In addition to improved physical health, exercise has many psychological benefits. Pain can seem more pronounced when we are unhappy or upset and exercise can help reduce depression. Additionally, it can improve self-esteem and self-confidence, improve the ability to relax, improve mood and wellbeing, and promote a good body image. Exercise also provides a good outlet for dealing with stress and anxiety.
Research suggests that most types of physical activity do not cause or worsen arthritis. In contrast, a lack of physical activity is associated with increased muscle weakness, joint stiffness, reduced range of motion, fatigue and overall reduced physical fitness.
Once a regular pattern of exercise has been established, it is important to maintain this pattern.
In order to get the benefits of exercise, it is vital to stay active.
Research shows that in people with osteoarthritis, once exercise stops, the reduced pain and disability they were experiencing ends.
To ensure that you keep up with a routine of exercising, consider joining a group program or bringing a friend or family member along to motivate you.
Eight ways to get started exercising:
Try to choose a type of exercise, or an exercise program, that you enjoy. It will be much easier to stick to the program if you like what you are doing. Most types of activities are helpful for people living with arthritis, so feel free to do your favourite things such as walking, swimming, golfing, or gardening. Exercise doesn’t have to be strenuous or boring to be good for you.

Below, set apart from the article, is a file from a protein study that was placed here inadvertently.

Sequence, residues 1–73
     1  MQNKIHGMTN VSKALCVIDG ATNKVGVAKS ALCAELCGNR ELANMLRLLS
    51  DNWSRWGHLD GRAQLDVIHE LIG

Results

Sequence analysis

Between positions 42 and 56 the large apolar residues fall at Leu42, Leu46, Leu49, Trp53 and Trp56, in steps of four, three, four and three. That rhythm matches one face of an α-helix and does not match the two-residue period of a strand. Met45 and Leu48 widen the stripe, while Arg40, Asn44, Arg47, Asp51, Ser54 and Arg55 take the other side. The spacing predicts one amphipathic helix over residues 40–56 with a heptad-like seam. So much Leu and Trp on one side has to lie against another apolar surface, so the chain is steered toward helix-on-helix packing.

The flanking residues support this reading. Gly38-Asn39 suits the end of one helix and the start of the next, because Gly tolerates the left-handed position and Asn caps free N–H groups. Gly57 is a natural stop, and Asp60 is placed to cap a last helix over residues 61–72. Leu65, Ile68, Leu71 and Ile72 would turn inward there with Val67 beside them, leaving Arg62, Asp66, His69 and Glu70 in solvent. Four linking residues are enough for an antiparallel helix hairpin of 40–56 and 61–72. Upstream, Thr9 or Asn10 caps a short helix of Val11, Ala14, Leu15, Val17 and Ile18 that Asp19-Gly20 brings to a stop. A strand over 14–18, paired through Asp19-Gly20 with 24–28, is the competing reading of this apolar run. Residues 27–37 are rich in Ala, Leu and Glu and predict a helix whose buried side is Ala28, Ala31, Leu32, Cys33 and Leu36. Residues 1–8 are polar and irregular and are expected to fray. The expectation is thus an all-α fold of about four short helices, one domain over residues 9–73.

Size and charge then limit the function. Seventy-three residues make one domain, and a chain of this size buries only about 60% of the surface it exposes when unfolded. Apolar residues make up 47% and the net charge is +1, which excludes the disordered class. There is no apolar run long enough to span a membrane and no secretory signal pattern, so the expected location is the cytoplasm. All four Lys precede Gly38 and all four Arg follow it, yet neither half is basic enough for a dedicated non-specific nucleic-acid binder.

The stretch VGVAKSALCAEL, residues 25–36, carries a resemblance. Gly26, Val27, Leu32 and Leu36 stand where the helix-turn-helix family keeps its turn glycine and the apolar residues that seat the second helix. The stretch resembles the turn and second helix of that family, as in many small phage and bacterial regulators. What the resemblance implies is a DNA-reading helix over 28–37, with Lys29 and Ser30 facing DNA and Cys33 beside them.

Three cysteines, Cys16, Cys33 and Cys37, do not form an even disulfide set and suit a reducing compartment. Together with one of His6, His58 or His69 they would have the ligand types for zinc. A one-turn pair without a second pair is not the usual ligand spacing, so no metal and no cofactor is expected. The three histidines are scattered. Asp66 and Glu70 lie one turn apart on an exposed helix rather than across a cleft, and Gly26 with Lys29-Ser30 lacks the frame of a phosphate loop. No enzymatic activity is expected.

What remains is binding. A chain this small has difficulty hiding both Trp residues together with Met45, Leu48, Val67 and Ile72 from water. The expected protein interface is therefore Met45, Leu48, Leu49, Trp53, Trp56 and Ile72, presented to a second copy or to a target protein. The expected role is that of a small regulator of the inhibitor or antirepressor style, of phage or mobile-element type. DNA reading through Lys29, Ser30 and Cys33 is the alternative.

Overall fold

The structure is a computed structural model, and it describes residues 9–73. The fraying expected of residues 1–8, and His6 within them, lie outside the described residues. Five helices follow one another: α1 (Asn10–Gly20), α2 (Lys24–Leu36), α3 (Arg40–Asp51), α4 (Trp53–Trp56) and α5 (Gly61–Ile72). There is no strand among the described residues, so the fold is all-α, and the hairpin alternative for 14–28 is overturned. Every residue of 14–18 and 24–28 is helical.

Community centres can be a terrific resource. Flip through the lists of classes offered at your local community or aquatic centre to find activities that best suit your interests and physical abilities.
You may find that having a partner to exercise with will be more motivating. Research tells us that people are more likely to stick with exercises if they bring along a friend or family member.
Sometimes, having a detailed list of activities and realistic goals will help motivate you, so it may be useful to get a referral to a physical therapist to create an appropriate exercise regimen that suits you and your body. Also, keeping an exercise log can help you and your therapist monitor your progress.
For some, assistive devices such as splints or orthotics may be helpful for protecting your joints while you exercise. An occupational therapist can be a good resource.